Also in the case of the differences between reliable and unreliable news we performed a non-parametric Kolmogrov-Smirnov Test, finding that the two distributions are not statistically significantly different, with a p-value equal to 0.22.

In the case of the vaccine sample, the pattern is completely different, and the distributions of emotions are statistically different for each type of news considered.

Reliable news are characterized by being skewed toward the positive valence side of the spectrum when compared to unreliable ones. In other words, reliable news elicit in users more positive emotions in the case of a contentious topic with respect to unreliable ones.

4.3 Emotional responses of verified vs unverified users

In the Fig. 3 panel (A), we compare the emotional responses of verified vs. un-verified users. We find that verified users are characterized by a more positive emotional response. Once again, the difference between the two distributions is statistically significant as shown by the Kolmogrov-Smirnov Test. Moreover, also for the baseline sample we find more positive valenced responses for verified users (an average level of 0.31) in contrast with the unverified users (0.27), as shown in Table 2. Interestingly, in the case of the baseline the positive emotional response of the verified users is stronger than in the case of the vaccine sample. Even if verified users, as a consequence of their incentives to reputation management and accountability, tend to favor positively valenced emotional reactions, it turns out that the contentious nature of the vaccine topic influences their own mode of response and determines a less positively valenced response, although maintaining an overall positive emotional tone. Interestingly, for un-verified users the emotional response is not only less positive, but particularly so in the first months of the vaccination campaign, when the level of contentiousness was particularly high.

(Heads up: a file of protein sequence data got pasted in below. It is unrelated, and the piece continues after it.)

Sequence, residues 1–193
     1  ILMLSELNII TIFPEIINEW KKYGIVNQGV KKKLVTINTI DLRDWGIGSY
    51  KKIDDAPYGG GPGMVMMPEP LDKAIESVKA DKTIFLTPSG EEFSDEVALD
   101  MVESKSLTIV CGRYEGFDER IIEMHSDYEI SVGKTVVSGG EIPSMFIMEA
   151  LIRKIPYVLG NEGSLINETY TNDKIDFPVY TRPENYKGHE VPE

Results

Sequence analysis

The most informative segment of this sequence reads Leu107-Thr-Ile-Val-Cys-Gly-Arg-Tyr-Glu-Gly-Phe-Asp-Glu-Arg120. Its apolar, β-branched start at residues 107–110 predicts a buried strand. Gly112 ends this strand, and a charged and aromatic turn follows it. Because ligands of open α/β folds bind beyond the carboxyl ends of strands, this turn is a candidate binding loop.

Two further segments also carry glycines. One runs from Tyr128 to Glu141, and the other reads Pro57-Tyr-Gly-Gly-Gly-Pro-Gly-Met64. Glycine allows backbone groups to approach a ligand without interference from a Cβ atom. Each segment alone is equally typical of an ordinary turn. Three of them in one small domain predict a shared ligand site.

Figure 3
figure 3

Emotional Analysis for different types of user accounts. We quantified, ranging from −1 to +1, across (A) verified and unverified users, (B) both human and bot, over time. The dashed horizontal lines indicate the emotional mean values for each user type, based on a baseline of 10 million randomly sampled tweets. This highlights that the mean emotion of the random distribution is higher that of our specific interest. We present the distribution of emotional values, aggregated by day, for each category concerning the vaccine sample (C-D). We conducted a Kolmogorov-Smirnov Test across the entire distribution for each category. The results indicate statistical significance at the 95% confidence level, with a p-value below 0.01, not only within categories but also across the various samples considered

Table 2 Summary Statistics of each type of users considered both in the Vaccine and Baseline sample. We show the mean value and the standard deviation of each distribution for the following categories: verified and unverified users, bots and humans. We find that on average the baseline sample is characterized by having higher values for each type of users and that the discourses carried out by verified accounts are marked by a more positive emotional features